Monday, August 18, 2014


Blogging has been my sanity, my salvation, and my friends for a good many years. I started Shoved to Them back when I was a terribly isolated and lonely woman who just needed to know that there were other people out there in the world. I was dying inside from lack of people, and hoped that maybe I could find one or two nice ones on the internet. I had no aspirations to professional writing back then, I just wanted an outlet for an extrovert stuck alone in a house with small children, and I found one.

Over the past seven years, I've explored my life, my opinions, my faith, and my own mind out here in public for everyone to see. It's been my free therapy and my place to grow.

And now it's time to move on.

My little blog has grown up and caught the eye of the indomitable Anchoress at Patheos. She made me an offer I couldn't refuse (she's a little like the Godfather but without the weird voice thing), and I'm heading over there. I'm hoping that you'll come with me.

I can't even begin to explain the love and gratitude that I have for my readers. You have taught me so much of what I know about friendship, generosity, and kindness. Some of you have been here from the beginning, and I think of you as friends I haven't yet gotten to meet. Others of you found me only last week, and I hope to get to know you.

Either way, I want to say THANK YOU! Thank you for hanging with me through the good and the ugly times. Thank you for making my little corner of the internet a place that I can't wait to come. In a strange way, this website is home to me. It's my living room, and y'all get to come and chat with me for a while....

So it's a little bittersweet to see my blog all grown up and moving on. It's hard to leave home no matter how and when you do it....but it's time.

The blog will be the same. I'll be the same. The only change will be where you find me. I hope to see you there!


Please adjust your blog rolls.

Tuesday, August 12, 2014

What I Spent It On

Last week, I was very fortunate to have two friends give me some money to spend on something fun and frivolous. It's not the money that felt like a blessing as much as having two friends who love and care about me did. Time and again, in the midst of the spirals of tragedy in the past two years, I have been gifted to find the love and care of friends and strangers alike.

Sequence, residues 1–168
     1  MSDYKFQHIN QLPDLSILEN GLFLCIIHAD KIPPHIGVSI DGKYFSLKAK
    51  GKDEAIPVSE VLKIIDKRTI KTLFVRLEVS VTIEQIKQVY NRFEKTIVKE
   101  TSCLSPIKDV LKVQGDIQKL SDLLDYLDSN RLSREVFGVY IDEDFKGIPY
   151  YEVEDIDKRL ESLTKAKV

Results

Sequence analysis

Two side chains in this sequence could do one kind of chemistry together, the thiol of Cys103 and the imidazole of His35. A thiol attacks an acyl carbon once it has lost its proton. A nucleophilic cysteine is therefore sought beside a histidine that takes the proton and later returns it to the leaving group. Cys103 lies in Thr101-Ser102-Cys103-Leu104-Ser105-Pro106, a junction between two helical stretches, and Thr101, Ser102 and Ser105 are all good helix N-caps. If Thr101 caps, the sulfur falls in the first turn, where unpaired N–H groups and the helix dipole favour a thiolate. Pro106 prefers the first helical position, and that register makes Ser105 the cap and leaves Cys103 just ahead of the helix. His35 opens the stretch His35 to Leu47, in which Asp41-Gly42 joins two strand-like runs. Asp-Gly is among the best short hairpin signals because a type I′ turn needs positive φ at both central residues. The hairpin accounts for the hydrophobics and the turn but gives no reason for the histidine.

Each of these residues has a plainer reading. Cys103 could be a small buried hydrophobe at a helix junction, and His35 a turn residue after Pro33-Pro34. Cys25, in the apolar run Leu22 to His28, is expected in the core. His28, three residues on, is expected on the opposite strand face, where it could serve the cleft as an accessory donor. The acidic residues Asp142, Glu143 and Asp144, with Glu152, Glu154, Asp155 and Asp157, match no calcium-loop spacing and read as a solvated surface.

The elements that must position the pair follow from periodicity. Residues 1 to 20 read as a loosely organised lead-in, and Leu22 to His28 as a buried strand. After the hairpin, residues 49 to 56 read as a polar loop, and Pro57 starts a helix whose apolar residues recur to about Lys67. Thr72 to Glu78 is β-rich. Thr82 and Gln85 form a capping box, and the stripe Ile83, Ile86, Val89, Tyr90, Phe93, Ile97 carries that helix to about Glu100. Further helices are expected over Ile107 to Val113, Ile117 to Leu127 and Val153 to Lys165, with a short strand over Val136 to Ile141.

I might have been thankful for generous friends, but I still had some money to I asked you what you would spend it on. Most of you said you'd spend some extra money on pampering yourselves - pedicures, massages, and new clothes seemed to be the most popular. I considered them, I really did.

But I kept thinking about my husband.

In the midst of people's generosity to me, their desire to see me rested and cared for...he doesn't have a cadre of readers spoiling him and worrying about his mental health. (Maybe he should blog...) So I decided to split it with him. That wasy original plan. A 50/50 split of us splurging. It was a fun thought...which made me think of fun.

He doesn't get to play. When I went to Edel, he stayed with the kids. When I made an ill-fated trip through Buffalo, Texas, he stayed with the kids. He always stays with the kids. He likes it that way. His idea of an exciting weekend includes a mandatory trip to the farmer's market to talk to the beekeepers....about bees...

We're a classic case of yin and yang. That's why we work, but I wanted him to have a chance to we left the kids at home and went to the water park.

We splurged on the line jumper passes (which were well worth the price), and spent 11 hours of screaming and whooping our way down one slide after another.

Halfway through the day, he was grinning the carefree grin he wore when we were dating. 

He was such a good sport about everything, that when he decided to do the slide which was a near-vertical seven story drop, I sucked up my fear of heights and went with him. That tower was high, y'all, and it swayed the tiniest bit in the wind but I was determined to not have to do the walk of chicken shame back down to the bottom. Once I was up there, the only way down was on a slide....and I'm no longer standing up there.